Knife: Bowie No. 1 Guardless Bowie Type
Attributed to James Black
Guardless coffin-shaped handle, wrapped with silver
LOA: 18 3/8” Coffin-shaped handle, with guard
Marked: "Bowie No.1" on escutcheon plate Purchased with funds from the Gala honoring Peg Newton Smith, Loughborough Trust, Harmon Remmel, Sterling Tucker, John & Barbara Rogers, Carl Miller, Jr., Jim Hammett, Mrs. J. S. Nanson, and David Perdue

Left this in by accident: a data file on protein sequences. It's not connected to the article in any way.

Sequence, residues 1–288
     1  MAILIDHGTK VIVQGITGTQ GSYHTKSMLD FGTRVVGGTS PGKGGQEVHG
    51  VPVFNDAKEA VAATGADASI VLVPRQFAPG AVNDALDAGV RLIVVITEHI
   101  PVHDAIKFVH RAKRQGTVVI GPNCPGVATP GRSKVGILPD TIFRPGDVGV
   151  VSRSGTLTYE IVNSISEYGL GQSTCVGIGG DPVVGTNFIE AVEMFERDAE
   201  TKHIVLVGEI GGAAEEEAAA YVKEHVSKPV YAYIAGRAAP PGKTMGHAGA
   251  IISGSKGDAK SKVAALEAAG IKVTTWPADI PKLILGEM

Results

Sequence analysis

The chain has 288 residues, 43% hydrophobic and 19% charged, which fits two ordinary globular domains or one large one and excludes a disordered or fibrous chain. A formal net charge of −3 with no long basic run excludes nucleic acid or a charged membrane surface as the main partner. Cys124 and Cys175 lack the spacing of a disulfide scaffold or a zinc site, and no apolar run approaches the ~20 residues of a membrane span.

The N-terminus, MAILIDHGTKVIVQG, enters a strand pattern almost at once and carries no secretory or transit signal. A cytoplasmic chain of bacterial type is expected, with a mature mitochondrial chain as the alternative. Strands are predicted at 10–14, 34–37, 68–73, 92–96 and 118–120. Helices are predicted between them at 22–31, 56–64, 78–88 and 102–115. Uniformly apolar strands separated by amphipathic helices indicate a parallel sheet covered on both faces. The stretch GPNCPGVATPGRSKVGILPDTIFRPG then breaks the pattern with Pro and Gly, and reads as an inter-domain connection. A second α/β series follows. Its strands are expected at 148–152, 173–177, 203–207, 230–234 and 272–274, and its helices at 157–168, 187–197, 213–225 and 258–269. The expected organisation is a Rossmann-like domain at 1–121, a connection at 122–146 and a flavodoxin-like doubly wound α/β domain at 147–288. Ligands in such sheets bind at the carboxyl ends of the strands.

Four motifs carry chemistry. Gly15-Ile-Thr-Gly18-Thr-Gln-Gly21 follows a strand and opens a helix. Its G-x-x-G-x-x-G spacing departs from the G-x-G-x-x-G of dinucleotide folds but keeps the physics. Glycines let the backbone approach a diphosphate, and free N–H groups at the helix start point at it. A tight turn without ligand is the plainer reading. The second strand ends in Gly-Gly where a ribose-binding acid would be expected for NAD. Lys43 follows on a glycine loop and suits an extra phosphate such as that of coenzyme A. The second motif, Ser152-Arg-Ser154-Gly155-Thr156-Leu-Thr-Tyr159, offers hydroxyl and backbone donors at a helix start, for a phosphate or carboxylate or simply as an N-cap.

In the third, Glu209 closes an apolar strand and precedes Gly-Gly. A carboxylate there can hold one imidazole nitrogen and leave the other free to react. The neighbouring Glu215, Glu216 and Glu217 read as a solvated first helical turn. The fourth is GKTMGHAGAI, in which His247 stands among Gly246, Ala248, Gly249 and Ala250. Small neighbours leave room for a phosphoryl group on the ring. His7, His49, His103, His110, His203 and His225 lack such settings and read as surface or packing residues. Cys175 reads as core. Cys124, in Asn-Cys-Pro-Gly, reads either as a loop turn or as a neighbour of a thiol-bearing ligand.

This "guardless-coffin" knife is well-known among collectors as one of the most distinctive bowie knives existing. Its characteristics - coffin shape and silver wrap of the handle, escutcheon plates, silver pins, rich burl wood scales, tapered full tang - are very similar to the Carrigan knife. While a number of guardless coffin knives exist, from a curatorial perspective the Carrigan and Bowie No.1 share so much that they are almost certainly from the same shop. What does the "Bowie No. 1" engraved into the escutcheon plate mean? No one can be sure. If the engraving is Black's work, it could mean the beginning of a series or the designation of a model. But since none of the other knives attributable to Black have engraving (except later work clearly by another hand) this was probably applied by a subsequent owner. What would this owner have meant by Bowie No. 1? Maybe the owner wanted it known that this was Bowie's knife.